Vipingo Ridge is a urban settlement located along the Malindi-Mombasa Roas in Kilifi County and is one of the most sought after holiday home destinations in the country. Alastair Cavenagh, the chairman and founder member of Vipingo Ridge refers to it as “Coast’s Muthaiga”.
Some of the most prominent individuals in the country have homes in Vipingo while others have played guest at the golf course. Some of them include late billionaire philanthropist Chris Kirubi, outgoing Tourism and Wildlife Cabinet Secretary Najib Balala, outgoing Mombasa Governor Ali Hassan Joho, former First Lady Margaret Kenyatta, and former Kilifi Governor Amason Kingi, among others.
Vipingo ridge overlooks the Kilifi Coastline, and according to a report by the Standard, whoever wants a piece of plot with a beach, s/he must be ready to part with over $330,000 (about Ksh36 million).
The former rally-driver if famed for his heroics in the sport, most notable, his 1999 and 2010 rally championship wins. He has not lost his athletic touch and still participates in water sports, sky-diving, and motorcycling.
Cavenagh’s four bedroomed Vipingo villa rests on half an acre plot. The house opens up to what residents of the posh estate call Vipingo’s “Lake Victoria”. The house also has view of the nearby fairways and faces the green on the 16th hole.
“This place is safe as you might have already seen. Many are the times I forget to lock the house.
“That is one reason people come here,” says Cavenagh.
He was born in Wales over 54 years ago and has an entrepreneurial background that goes back to the 1980s when he worked for tea company based in Hamburg. For over 10 years he lived and worked in Germany and Switzerland.
The Vipingo Chairman relocated to Kenya in 1994 and continued with the tea business. He later transitioned to the importation and distribution of petroleum products in Sub-Saharan Africa. For the last 18 years, he had been the Executive Director of Dalbit Petroleum Limited.
Cavenagh together with his friends hatched the idea to develop a golf estate after securing prime land in Kilifi.
“I, together with a few of the other directors had no prior experience in real estate. All we were looking for was a small piece of land, 300 acres for a golf course near the beach.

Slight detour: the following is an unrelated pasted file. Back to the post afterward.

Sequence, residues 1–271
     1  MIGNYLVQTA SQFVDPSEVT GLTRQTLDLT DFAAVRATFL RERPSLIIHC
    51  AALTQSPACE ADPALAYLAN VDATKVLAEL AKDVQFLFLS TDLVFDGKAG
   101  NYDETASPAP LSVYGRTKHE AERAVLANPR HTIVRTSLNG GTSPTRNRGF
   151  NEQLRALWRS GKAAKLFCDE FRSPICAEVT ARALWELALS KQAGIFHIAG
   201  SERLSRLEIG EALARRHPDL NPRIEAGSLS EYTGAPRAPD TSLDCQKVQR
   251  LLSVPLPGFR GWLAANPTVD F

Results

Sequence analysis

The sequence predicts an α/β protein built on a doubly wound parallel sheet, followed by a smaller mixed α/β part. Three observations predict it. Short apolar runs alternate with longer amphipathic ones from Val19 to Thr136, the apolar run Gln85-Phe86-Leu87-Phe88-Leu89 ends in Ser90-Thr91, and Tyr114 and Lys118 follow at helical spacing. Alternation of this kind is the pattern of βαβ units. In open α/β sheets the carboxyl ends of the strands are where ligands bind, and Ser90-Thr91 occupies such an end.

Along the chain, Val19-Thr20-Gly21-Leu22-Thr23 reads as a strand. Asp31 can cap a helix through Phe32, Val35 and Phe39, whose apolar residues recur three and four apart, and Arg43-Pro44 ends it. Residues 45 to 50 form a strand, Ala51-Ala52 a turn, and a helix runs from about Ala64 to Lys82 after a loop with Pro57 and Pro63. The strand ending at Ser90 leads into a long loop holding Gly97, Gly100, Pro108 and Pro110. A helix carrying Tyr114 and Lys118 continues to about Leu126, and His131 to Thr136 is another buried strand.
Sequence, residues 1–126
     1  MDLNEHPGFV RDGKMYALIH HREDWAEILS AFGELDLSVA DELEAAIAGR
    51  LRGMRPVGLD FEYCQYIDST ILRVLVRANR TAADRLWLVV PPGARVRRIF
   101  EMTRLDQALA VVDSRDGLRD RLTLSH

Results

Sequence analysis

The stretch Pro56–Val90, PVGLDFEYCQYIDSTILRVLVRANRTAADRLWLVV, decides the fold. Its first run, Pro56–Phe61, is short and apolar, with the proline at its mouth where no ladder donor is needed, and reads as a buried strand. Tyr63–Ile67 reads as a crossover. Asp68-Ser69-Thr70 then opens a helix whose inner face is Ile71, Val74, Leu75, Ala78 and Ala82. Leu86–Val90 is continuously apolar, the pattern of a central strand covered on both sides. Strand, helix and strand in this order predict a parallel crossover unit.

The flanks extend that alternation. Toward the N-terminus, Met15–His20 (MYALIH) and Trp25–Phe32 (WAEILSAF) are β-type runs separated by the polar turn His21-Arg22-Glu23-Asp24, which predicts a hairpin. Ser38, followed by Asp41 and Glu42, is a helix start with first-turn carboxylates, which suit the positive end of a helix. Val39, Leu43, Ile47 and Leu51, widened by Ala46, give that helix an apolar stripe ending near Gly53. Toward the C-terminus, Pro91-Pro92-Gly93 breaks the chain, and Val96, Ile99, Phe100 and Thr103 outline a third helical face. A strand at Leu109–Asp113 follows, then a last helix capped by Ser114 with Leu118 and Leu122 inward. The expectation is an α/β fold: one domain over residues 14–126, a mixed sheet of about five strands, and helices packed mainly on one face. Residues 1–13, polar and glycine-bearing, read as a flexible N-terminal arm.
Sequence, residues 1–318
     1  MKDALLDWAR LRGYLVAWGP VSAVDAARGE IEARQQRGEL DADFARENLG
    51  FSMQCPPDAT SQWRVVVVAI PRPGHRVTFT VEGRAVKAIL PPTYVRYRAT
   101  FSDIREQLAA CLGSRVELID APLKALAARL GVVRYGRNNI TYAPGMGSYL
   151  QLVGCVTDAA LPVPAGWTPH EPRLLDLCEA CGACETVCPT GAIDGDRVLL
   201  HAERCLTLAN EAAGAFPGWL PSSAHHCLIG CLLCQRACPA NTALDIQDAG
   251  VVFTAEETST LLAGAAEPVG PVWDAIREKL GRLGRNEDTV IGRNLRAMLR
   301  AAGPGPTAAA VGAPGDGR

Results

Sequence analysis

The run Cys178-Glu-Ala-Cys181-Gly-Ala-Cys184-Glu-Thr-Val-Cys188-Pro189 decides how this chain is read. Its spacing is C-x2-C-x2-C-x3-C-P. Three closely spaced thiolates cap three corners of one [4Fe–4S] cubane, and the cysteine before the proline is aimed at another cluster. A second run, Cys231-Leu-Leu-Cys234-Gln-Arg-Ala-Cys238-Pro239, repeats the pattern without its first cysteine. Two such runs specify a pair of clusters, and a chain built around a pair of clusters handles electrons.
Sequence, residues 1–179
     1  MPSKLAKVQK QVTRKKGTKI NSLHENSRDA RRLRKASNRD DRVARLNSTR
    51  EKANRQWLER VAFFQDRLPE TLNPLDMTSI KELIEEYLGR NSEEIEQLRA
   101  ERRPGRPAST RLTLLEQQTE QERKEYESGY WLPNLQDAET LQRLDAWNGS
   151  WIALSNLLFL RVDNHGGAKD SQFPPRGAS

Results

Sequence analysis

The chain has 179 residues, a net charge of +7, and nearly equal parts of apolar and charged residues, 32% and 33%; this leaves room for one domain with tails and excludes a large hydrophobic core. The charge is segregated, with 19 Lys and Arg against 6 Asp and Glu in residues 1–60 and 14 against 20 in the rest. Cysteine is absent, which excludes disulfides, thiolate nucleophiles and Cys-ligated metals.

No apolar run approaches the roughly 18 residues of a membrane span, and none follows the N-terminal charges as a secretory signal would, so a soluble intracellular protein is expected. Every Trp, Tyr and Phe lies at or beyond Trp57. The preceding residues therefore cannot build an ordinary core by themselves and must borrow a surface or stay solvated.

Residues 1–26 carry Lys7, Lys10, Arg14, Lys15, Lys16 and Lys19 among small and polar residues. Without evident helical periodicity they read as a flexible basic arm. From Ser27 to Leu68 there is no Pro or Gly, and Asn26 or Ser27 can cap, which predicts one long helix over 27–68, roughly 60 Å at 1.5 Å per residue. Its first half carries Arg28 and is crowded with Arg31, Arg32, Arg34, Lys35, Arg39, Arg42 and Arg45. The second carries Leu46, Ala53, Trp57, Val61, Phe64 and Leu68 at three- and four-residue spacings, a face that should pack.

“However, what we got was not adequate but the same people who were selling us that piece of land told us of this 2,800-acre property that was up for sale. That is how the idea of a golf estate came about. Though golf has been one factor influencing settlement, many are attracted by the secure environment,” says Cavenagh.
His cost him a whooping Ksh21 million.
“I spent about Sh21 million on my house. I think that is among the least amount spent on home construction around here,” Cavenagh says.
According to a resident of the golf estate who spoke to the Standard, they each pay a monthly fee of Sh48,000 to maintain the public amenities: The also pay land rates and for garbage collection.
“If we were living in a similar home in Nyali, I would still pay Sh60,000 monthly for all the services, including security. It is a deal for me, maybe not for those buying property for prospecting purposes,” the resident only identified as Jane stated.
In Vipingo ridge, the houses are in all shapes and sizes. Still, there are certain parameters that must be met by all developers in order to maintain some kind of order and standard. Most houses have a flat roof that ensures each homeowner has unobstructed view of the ocean, golf course or the countryside.
Cavenagh believes that a few things can make someone successful in business. This includes financial discipline.
“As I said previously, I believe understanding the business environment is key together with proper financial discipline and the ability to identify and empower key management positions to whom decision-making responsibility can be delegated. I do not believe in companies run by ‘yes men’ at managerial level,” he told how we made it in Africa during a past interview.
He notes that Kenya is a wonderful country with massive potential and opportunities in numerous fields. According to him, there is a rapidly expanding middle class with disposable income as well as a largely untapped and underdeveloped human resources sector. With the emergence of the oil and gas industry and the investment that this sector will generate, hopefully significant investment will follow into training and education.
“This will enable Kenyans to benefit from the discoveries, creating more jobs elevating more people out of the poverty bracket. In addition to this, the country has the most fantastic natural environment, superb game parks and coast line which provide some of the best tourism experiences that the world has to offer,” he says.